The daughter of a man crushed and killed by a falling crane has broken down while telling the crane driver she hates him.
Herman Holtz, 62, died in August 2016 while assisting the crane driver during construction of the University of Canberra Hospital in Bruce.
The mobile crane driver, 48-year-old Michael John Watts, has pleaded guilty to a charge of reckless conduct exposing people to the risk of death or serious injury.
He initially faced the more serious charge of manslaughter, but it was abandoned when he agreed to provide evidence and plead guilty to the lesser offence.
The agreed facts of the case say Watts was lifting and re-positioning a 10.3-tonne generator at the time of the incident.
Watts repeatedly overrode safety mechanisms to continue operating the crane, which was overloaded when it tipped, crushing and killing Mr Holtz instantly.
Watts appeared in the ACT Supreme Court for a sentence hearing on Thursday, when eight members of Mr Holtz's family provided victim impact statements.
Each statement described Mr Holtz, a father of four who also had 12 grandchildren, as a devoted family man. The court heard he had a no-nonsense, but loving nature.
Mr Holtz's daughter, Kelly Holtz, spoke directly to Watts as she read her statement, telling the crane driver her father's death had been avoidable.
"My dad would still be here if you had just refused to operate that crane, or turned it off when all those f...ing [safety] alarms went off," a highly distressed Ms Holtz told Watts.
She said she loved everything about her father, a selfless man with a big laugh who slept on a hospital floor to support his wife during cancer treatment.
Since her father's death, she had struggled to find any real joy in life.
"The tears haven't stopped. They won't. To say that time heals everything is a load of shit," she said.
Ms Holtz said her family had been robbed of the chance to add to the special memories they had of her dad.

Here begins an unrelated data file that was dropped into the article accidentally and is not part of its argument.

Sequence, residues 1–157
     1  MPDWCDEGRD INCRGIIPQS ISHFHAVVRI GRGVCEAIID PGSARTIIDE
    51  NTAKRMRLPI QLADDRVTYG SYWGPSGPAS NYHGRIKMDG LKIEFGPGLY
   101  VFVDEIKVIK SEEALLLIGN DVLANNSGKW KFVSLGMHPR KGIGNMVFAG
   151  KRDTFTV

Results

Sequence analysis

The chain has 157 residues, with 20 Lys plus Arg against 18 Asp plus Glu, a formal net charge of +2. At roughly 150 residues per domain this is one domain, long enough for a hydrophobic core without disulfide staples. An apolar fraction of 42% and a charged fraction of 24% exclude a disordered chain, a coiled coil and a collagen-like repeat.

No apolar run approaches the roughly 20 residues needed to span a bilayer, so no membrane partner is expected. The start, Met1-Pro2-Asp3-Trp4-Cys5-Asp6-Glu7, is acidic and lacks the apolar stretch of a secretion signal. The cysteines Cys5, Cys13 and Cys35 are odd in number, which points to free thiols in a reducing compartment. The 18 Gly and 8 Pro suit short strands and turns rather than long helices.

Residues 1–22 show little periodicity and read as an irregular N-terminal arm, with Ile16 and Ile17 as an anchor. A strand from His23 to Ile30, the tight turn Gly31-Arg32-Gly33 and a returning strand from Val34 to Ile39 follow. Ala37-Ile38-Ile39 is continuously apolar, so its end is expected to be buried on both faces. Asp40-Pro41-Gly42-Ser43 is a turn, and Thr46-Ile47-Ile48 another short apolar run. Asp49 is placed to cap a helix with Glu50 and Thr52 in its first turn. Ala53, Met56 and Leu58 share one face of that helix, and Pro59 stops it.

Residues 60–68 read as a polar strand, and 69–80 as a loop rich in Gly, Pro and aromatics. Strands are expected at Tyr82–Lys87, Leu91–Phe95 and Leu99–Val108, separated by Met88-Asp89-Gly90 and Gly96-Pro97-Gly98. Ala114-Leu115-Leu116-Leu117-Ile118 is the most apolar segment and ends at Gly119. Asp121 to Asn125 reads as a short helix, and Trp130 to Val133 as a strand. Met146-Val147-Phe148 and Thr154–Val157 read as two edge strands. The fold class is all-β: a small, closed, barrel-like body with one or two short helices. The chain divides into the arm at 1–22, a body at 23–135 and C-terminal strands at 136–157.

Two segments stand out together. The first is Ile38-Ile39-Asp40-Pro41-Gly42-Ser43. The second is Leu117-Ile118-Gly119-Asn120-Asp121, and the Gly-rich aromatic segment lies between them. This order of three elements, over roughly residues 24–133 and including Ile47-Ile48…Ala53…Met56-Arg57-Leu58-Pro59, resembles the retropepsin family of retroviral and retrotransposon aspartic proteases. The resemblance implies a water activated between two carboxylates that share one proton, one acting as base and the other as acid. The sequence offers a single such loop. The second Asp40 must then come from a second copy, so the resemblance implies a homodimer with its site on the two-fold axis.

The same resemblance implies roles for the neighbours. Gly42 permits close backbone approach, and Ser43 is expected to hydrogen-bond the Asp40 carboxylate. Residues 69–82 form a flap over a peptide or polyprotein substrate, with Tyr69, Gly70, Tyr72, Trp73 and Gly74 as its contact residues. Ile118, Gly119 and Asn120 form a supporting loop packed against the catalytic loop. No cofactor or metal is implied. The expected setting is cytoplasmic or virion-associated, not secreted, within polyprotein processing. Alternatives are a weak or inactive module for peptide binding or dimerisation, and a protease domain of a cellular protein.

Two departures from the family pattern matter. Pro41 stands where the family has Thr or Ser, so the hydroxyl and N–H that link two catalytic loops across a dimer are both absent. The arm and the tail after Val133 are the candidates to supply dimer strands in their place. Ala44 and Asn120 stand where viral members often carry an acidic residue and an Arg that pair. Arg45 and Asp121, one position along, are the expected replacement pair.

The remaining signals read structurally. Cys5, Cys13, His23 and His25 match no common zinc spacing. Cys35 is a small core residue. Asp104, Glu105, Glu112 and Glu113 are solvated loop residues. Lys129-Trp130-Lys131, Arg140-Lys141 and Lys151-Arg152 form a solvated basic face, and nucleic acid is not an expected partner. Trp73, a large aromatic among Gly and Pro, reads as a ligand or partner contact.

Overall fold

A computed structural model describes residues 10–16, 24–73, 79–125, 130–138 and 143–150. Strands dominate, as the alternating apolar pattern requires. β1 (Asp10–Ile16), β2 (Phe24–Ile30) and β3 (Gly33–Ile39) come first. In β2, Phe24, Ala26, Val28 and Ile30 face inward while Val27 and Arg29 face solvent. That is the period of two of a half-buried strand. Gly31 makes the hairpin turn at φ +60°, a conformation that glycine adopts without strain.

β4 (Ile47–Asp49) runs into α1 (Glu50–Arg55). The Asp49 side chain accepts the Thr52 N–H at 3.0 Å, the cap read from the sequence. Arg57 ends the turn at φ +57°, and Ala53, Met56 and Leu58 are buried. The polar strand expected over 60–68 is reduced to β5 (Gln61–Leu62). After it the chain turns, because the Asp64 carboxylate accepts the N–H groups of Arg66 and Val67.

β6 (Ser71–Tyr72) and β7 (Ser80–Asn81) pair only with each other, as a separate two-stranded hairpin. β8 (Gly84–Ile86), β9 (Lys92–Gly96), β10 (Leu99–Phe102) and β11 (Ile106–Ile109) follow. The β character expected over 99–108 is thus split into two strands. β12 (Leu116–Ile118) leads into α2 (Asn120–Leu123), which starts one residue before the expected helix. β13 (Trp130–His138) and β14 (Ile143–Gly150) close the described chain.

"You took all that away from us and I hate you for it," she told Watts.
Another of Mr Holtz's children, Ana Lewis, said through tears that she felt lost without her father, who was her confidante and "had the biggest heart".
She urged the court to make an example of Watts by imposing a sentence that would make others "stop in their tracks" before acting recklessly at work.
But Watts' barrister, John Agius SC, said if the court determined that a jail sentence was warranted, it should be fully suspended.
Mr Agius said Watts was clearly affected by the incident, which had caused him to suffer from post-traumatic stress and quit crane driving despite his financial situation.
Watts had also pleaded guilty in a genuine show of contrition and agreed to provide evidence that would be useful in the prosecutions of eight co-accused individuals and corporations, who remain before the courts.
Mr Agius said Watts' culpability was lessened by the fact he had been directed by his superiors to move the generator with some urgency, using a specific mobile crane.
Watts had not been informed that his employer, RAR Cranes, had proposed to instead use a larger crane for the job, only for head contractor Multiplex, which employed Mr Holtz, to knock back the suggestion because of the cost.
Mr Agius said Watts had independently raised the possibility of using a larger crane, but as a casual employee, lacked the power to push back when told that was not an option.
Watts also lacked the necessary training to operate the crane he used in "superlift" mode, which he ultimately attempted to do after reaching a consensus agreement with others on the work site.
Crown prosecutor Kylie Weston-Scheuber said that regardless of the instructions he was given, Watts had chosen to continue with the task at several stages when he could see clear safety risks.
She said the crane was operating at 130 per cent of its rated capacity when it tipped and crushed Mr Holtz.
Ms Weston-Scheuber said only a jail sentence would be appropriate for Watts, but whether it should be served behind bars or in some other way was a matter for the court.
Chief Justice Helen Murrell will hand down Watts' sentence on Monday morning.